Mike Vrabel entered the league 13 years ago as a defensive end with Pittsburgh. He would play sparingly over four seasons in the Iron City, never starting a game.
Vrabel’s tackle total over his first four seasons in the NFL stood at 43; not exactly a precursor for a player who would start 124 games over the next decade.
Then again, Mike Vrabel isn’t the ordinary.
“Mike Vrabel is some good stuff,” head coach Todd Haley said on Tuesday.
Vrabel found a home with New England in year five of his career, started 12 games, set career highs in every statistical category, beat his old team in the AFC Championship Game and won a Super Bowl ring. Not bad.
A similar storyline would be written in two of the next three years as well. Some five seasons after leaving Pittsburgh, Vrabel would turn in a career-best 114 tackles with the Pats. That seasonal mark alone was nearly three times more tackles than his four years in Pittsburgh combined.
Through the Championship rings, Super Bowl sacks, TD receptions and record-setting seasons, Vrabel didn’t forget where he started.
“The only way he made the (Steelers) was special teams,” Haley said. “That’s how he got his opportunity because for whatever reason people said he didn’t have this skill to be what we want and there were a lot of people that thought that, I’m sure just because of evidence.
“He then became a talented, good player that made himself part of a team transitioning from a struggling team to a championship team and he did that by not only having great production as a rusher, as a linebacker, but then playing special teams for a bunch of those early years even after he was a known contributor beyond special teams,” Haley continued.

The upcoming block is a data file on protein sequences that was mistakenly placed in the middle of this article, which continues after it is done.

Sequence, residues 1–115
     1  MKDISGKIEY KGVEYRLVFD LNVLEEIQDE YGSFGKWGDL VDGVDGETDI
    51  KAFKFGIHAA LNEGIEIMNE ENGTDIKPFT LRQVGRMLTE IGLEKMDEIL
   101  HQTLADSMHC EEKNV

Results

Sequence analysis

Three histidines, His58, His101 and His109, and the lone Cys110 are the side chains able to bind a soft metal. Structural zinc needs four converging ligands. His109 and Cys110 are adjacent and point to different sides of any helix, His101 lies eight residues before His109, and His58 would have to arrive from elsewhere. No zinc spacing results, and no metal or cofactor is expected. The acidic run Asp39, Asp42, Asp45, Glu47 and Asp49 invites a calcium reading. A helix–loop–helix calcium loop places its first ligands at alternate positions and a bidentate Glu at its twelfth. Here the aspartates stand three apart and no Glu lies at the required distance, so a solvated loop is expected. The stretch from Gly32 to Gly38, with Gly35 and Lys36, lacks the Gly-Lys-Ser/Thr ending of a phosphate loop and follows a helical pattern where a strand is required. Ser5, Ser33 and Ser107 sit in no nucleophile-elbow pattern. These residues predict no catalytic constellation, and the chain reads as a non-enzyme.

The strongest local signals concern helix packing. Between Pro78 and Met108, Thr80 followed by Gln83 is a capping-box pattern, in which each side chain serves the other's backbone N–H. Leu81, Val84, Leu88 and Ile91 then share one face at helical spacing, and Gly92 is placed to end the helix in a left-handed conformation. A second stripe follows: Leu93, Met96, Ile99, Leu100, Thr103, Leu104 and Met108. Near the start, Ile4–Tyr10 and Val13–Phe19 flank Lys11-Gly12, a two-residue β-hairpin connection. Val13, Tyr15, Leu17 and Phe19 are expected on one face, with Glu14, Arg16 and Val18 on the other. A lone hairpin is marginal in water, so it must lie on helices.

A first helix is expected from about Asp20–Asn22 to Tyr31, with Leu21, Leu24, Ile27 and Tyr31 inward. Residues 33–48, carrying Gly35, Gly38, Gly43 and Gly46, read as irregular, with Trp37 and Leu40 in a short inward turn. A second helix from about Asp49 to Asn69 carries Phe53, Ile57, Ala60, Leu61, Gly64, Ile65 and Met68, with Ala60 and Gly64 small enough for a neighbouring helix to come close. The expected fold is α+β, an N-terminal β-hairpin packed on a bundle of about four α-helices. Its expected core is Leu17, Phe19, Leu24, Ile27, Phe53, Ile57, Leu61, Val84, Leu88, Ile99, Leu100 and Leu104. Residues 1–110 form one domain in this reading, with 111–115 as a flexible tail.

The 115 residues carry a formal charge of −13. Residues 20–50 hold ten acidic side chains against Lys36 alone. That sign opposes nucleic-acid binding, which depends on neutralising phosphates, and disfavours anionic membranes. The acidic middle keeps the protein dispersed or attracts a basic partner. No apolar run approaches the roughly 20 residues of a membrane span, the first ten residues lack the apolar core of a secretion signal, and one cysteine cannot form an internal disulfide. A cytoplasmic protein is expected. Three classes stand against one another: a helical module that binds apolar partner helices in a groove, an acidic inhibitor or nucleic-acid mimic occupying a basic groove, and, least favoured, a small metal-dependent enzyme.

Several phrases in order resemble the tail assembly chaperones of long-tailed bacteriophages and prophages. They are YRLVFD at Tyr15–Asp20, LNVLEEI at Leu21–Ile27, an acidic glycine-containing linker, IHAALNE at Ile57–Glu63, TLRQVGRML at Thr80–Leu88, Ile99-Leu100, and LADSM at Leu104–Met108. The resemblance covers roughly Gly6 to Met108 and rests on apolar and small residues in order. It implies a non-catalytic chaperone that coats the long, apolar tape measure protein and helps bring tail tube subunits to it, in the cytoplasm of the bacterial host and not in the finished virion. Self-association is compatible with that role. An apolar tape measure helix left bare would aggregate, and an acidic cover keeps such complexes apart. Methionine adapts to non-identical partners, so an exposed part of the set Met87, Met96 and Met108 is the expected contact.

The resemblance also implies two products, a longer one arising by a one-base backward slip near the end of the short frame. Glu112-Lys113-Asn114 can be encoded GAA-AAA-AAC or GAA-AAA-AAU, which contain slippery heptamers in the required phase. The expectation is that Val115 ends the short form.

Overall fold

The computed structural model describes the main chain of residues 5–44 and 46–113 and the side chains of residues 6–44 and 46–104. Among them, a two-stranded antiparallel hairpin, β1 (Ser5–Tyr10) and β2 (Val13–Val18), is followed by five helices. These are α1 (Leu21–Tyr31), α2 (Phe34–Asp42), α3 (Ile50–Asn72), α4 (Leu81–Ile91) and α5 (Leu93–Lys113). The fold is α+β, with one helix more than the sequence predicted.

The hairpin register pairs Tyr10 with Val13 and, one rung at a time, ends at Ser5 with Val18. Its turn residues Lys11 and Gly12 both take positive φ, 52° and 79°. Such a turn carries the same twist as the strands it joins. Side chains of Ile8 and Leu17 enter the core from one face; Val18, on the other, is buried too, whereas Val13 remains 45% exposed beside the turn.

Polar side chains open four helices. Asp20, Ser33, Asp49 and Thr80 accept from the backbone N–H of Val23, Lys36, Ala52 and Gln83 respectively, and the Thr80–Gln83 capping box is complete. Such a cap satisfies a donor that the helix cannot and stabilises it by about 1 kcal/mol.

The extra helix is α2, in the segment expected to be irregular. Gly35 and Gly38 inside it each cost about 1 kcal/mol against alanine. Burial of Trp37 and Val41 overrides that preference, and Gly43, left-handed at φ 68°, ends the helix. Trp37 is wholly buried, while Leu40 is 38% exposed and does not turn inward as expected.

Mike Vrabel knows where the Chiefs are currently at as a program and what the organization is trying to do. He’s already lived it.
“In my mind, I can’t overuse him,” Haley said.
The Chiefs are a younger team, still in development, bridged with established veterans like Vrabel and
Part of the reason that players like Vrabel and Jones were brought into town was for their leadership qualities, but they they’re not paid to be sounding boards either. First and foremost, these guys were brought in to play.
“I think that to help this team out I can play well, and then I can try to share experiences with them,” Vrabel said. “I can say, ‘hey, this happened to me 10 years ago, or 13 years ago, or whatever. But for the most part these guys are getting it and trying to do the right thing.”
Mentorship in the NFL is like passing the torch, so to speak. When Vrabel was plugging away on special teams as a 24-year old, he had similar players that helped shape him into the influential player that he is today.
“Guys that I looked (up) to were Greg Lloyd, Dermontti Dawson, Carnell Lake, Levon Kirkland in Pittsburgh, specifically,” Vrabel recalled. “Willie Mcginest, Troy Brown and Drew Bledsoe to a point. Drew was there early on (in New England) and through everything that happened in his situation, he was still a professional and still worked and competed and put the team first.”
Vrabel’s wealth of NFL knowledge can relate to players at various stages in their careers. Outside of an obvious mentorship role to the Chiefs young outside linebackers, Vrabel can connect with players ranging from those thrust into media spotlight down to the 53-man hopefuls.
Tuesday provided a perfect example - Vrabel poked fun at
His answer was surprisingly simple.
“Everything will be determined through the games, really,” Vrabel said. “You can go out here and practice great, but you have to go out to the games and prove you’re value to the team, whether that’s on offense, defense or special teams. Ultimately you have to go out and do it during the games and in live competition.”
Vrabel’s value to the team expands much further than just the live competition.